Take Steps to Crack the Glass Ceiling

Take Steps to Crack the Glass Ceiling

We still have some way to go before we can honestly claim to have shattered the glass ceiling. That invisible barrier between minorities and women that prevents access to the upper rungs of the corporate ladder still requires our attention and action. The Economist’s glass ceiling index for 2015 reveals that the United States ranks below the OECD average, behind Germany and Australia and well behind countries like Finland, Norway and Sweden which rank highest. The Glass Ceiling Index combines data on higher education, labor-force participation, pay, child-care costs, maternity rights, business-school applications and representation in senior jobs. It draws on data from a range of sources including the OECD, European Commission, World Economic Forum and others. Each country’s score is a weighted average of its performance on nine indicators. The interactive version of this chart allows you to see how the weightings can modify the results, showing how that a focus on specific factors can transform a whole country’s performance. You can hover over each country to delve into the figures for each country – and when we do this for the US, the data is revealing – especially when we contrast it with some of the other countries in the list. Let’s extract the data for a few countries: USA Canada Britain Finland Higher ed gap 5.0 11.3 2.2 12.9 Participation gap -11.5 -7.0 -11.4 -2.5 Wage gap 17.9 19 17.5 18.7 Exec positions 42.7 36.0 34.3 32.0 Board roles 21.2 18.3 22.6 32.1 Childcare cost 35.1 29.3 45.7 22.5 Paid maternity 0.0 8.0 11.7 14.1 GMAT exams 38.3 38.5 27.4 53.6  Women in parliament 19.3 25.2...

Don’t Wait for Leadership

In the current economic climate, companies across the world are trying to figure out how to best weather the storm. Layoffs have seemingly become the norm; just google “layoffs” or look here and you’ll see what I mean. Such dire circumstances leave many wondering about the fate of their jobs, their families, and their futures. It is easy to get consumed with fear and anxiety under such conditions. However, it is just this type of response that could create the least desired outcome. As managers are told to make reductions, they are surely going to look to keep those individuals that have a history of solid performance, a “can do” attitude and are pulling themselves above the negativity and looking toward, and helping to create, a better tomorrow. Often times I have discussed how leaders must set the example by which all should follow. And one of my favorite leadership gurus, John Baldoni, wrote a fantastic book on this very topic entitled “Lead by Example: 50 Ways Great Leaders Inspire Results.” And, to be sure, I always believe that leaders must act in accordance to this notion. However, in distressing times such as those we now find ourselves, I would encourage all to do what is in the best interests of the company and not simply wait for a leader’s direction. Many leaders or managers are now focusing on the survival of the business and tending to internal measures that must be implemented to ensure the company’s longer term viability. So, this could leave a situation in which the leader is not as visible or accessible as usual and...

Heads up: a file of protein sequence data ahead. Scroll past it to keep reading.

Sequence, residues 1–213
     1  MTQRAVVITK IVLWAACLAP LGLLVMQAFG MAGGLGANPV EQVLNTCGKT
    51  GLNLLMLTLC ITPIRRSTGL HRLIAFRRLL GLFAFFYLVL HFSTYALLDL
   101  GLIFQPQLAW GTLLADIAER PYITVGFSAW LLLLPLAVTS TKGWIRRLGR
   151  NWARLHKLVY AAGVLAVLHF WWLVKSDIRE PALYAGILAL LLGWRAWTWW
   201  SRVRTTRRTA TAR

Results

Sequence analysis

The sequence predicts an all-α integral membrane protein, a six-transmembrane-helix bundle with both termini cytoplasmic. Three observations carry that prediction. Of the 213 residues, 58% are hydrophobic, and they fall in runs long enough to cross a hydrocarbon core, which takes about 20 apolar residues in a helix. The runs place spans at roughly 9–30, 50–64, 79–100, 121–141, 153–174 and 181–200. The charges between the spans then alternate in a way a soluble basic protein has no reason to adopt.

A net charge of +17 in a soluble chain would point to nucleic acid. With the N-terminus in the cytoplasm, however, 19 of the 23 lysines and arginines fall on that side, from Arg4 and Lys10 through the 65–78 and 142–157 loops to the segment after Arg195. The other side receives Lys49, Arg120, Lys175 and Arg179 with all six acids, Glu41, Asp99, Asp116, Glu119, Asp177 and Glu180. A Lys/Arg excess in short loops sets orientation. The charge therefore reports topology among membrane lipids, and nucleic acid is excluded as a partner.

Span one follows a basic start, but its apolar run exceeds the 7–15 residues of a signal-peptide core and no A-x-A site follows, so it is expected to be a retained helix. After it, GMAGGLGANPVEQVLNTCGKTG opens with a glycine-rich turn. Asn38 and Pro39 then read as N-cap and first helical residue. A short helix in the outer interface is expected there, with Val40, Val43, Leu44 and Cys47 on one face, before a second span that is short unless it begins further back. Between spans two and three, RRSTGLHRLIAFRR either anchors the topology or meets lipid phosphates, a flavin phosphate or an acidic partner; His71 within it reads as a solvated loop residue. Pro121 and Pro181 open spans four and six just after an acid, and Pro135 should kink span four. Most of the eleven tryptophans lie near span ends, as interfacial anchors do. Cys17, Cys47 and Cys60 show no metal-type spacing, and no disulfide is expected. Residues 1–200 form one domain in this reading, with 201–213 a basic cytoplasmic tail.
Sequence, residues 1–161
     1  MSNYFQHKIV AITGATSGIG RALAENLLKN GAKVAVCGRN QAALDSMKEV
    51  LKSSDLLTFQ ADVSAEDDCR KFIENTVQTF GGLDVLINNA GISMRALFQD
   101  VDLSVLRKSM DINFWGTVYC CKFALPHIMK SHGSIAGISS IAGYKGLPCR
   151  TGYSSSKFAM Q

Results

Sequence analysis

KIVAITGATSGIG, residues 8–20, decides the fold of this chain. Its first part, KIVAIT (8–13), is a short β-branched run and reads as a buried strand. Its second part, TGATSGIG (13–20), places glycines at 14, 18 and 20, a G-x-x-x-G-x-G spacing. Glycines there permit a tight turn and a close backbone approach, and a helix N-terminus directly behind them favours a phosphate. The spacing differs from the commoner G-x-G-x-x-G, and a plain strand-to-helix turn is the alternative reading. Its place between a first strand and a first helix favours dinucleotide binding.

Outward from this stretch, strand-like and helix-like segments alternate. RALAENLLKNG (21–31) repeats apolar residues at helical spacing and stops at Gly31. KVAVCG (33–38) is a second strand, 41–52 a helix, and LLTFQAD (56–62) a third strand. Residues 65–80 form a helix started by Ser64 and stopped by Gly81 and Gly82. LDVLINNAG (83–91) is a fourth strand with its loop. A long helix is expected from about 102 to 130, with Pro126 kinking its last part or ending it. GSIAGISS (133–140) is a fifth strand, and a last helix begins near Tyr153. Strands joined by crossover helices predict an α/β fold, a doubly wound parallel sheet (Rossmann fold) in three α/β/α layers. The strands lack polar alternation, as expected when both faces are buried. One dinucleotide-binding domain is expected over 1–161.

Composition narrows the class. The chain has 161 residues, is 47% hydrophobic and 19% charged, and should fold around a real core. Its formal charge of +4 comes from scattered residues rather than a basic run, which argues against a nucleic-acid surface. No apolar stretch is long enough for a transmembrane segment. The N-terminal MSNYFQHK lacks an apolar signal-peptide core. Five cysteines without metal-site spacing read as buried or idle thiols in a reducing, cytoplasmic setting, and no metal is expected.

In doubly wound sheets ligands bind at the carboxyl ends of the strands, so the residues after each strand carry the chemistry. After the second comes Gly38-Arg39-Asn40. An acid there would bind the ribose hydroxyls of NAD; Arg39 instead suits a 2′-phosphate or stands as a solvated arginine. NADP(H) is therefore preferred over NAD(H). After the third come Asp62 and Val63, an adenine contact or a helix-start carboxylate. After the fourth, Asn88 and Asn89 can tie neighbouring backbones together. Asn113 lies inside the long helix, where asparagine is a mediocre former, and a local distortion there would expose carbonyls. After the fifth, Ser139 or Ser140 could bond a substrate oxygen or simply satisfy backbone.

What Leaders Can Learn from Chesley Sullenberger